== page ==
Return to Index Page: Shakespeare’s Lost Sonnets

Shakespeare’s Lost Sonnets: A Restoration of the Runes
by Roy Neil Graves, Professor of English
The University of Tennessee at Martin

Set III, Runes 29-42: Texts and Comments 
Copyright © Roy Neil Graves 2003, All Rights Reserved        

Proceed to Rune 40
Return to the Index of Set III

Rune 39
Eleventh lines, Set III (Sonnets 29-42)

                          Rune 39

     (Eleventh lines, Set III: Sonnets 29-42)

     Like to the lark at break of day arising,
     The sad account of fore-bemoanèd moan
     Who all their parts of me to thee did give.
 4  A dearer birth than this his love had brought,
     But out, alack, he was but one hour. Mine,
     Th’ offender’s sorrow lends but weak relief,
     And ’gainst myself a lawful plea commence;
 8  Nor thou with public kindness honor me
     That I in thy abundance am sufficed.
     And he that calls on thee, let him bring forth
     To entertain the time with thoughts of love.
12 And yet love knows—it is a greater grief—
     Who lead thee in their riot even there:
     Both find each other, and I lose both twain.
     Glosses: 2) The sad [sb.] account of [v.] = Those who mourn [i.e., specifically, these poems] enumerate, recount...; 3) parts = segments, musical voices; of me = by my authority; 6) offender’s = “moral stumbler’s” (OED); 7) commence = may begin, begins; 10) he that calls on thee = your present “singer”—possibly this poet (I, Will, especially as overt sonneteer), possibly a rival poet/suitor.

   39. A Sad Account

     Like the lark rising to sing in the darkness of first light,
     those who are sad—these poems—recount previously lamented bereavements,
     creatures dedicated part and whole to you, as I have authorized, singing in harmony.
  4 The lark’s expression would have created something sweeter,
     but, lamentably enough, he popped out for just an hour. These laments of mine—
     stumbling along on unsteady “feet”—offer little consolation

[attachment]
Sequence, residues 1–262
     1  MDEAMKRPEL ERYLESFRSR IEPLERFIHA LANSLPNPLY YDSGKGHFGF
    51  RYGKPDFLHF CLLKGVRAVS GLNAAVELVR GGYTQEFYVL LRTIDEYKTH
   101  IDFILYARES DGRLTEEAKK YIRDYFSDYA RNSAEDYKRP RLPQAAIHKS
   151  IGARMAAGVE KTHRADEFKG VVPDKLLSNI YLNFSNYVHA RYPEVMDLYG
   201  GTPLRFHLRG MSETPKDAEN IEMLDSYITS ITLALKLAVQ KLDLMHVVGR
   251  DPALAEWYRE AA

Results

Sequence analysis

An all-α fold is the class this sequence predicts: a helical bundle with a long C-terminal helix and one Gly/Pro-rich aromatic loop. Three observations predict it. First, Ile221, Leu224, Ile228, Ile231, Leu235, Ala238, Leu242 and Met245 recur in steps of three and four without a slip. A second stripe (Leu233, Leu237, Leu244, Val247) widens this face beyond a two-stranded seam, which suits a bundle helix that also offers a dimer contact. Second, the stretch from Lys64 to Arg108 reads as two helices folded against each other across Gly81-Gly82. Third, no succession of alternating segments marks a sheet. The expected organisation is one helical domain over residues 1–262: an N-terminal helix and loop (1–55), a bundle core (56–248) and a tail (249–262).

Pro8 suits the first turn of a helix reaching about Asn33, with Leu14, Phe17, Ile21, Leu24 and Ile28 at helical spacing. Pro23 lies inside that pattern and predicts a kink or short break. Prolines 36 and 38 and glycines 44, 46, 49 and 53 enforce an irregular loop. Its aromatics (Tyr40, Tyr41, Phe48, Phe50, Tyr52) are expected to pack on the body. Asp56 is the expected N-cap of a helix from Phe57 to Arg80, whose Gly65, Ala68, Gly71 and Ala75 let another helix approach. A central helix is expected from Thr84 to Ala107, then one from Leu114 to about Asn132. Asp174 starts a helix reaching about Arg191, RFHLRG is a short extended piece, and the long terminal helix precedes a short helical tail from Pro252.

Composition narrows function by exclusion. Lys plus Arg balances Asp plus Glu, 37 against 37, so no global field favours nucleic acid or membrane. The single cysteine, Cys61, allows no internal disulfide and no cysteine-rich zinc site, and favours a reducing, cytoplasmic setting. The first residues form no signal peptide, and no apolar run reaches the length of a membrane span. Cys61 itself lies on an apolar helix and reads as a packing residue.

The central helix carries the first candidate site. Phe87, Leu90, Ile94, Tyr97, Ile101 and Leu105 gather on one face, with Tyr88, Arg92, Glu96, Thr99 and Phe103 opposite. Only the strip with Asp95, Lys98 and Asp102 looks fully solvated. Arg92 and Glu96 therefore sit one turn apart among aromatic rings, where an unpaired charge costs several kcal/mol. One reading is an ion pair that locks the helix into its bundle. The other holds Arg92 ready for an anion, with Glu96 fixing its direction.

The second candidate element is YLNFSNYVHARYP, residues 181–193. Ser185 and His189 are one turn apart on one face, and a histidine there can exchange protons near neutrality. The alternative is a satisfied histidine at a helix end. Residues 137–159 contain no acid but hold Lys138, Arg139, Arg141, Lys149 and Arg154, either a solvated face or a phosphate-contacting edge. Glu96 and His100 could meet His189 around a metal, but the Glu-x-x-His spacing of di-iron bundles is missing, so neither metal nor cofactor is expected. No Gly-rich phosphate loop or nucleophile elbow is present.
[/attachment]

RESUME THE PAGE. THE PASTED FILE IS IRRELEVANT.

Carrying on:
and may even justify charging me with something like disturbing the peace or carelessness.
  8 Further, my friend, you do not acknowledge me with public regard
     to let your bounty compensate for my shortcomings.
     So instead you let your present suitor, whatever lark sings to you now, produce
     timely entertainment, sentiments of love;
12 even now my affection senses (this is a grief worse than my own failings)
     who may be there leading you to join in their revelry.
     My love and grief link up here, but in setting them down in these unpublished works I lose them both. (You and some fellow may have each other, while I at present have neither.)


          The lark’s song in the early darkness is analogous to Will’s mournful “singing” in these hidden runic texts. Lines 10-11 identify either the poet or someone closer to the friend as the “caller.” Many elements—including the pun “th’ air” in their (3) and there (13)—develop singing as a motif that parallels Will’s own lyrics. The pun “Whole th’ air parts” (3) describes harmonious polyphony, while Will’s two conflicting “voices” (see 5-7) show tension.

          The “lark’s music” also contrasts with Will’s “song”—and these two kinds of music differ from yet a third kind, the imagined “riot” where the friend exists (13) .

          Diction and puns also deal with numbers, accounting, and enumeration—with routine puns on “one” (e.g., mone [2], one [5]); on “two” (e.g., to [1, 3], Both, twaine [14); and on “four” (e.g., fore [2], forrow [6], forth [10]). References to all (3) and abundance (9) and the opening pun on “total” (Q letterstring the L...) reinforce this cluster of tedious numeric wit.
          Legal and naval jargon and language about giving birth all add texture. Naval wit might have appealed to Southampton, while the business about birthing might engage the physician Dr. John Hall, Will’s son-in-law.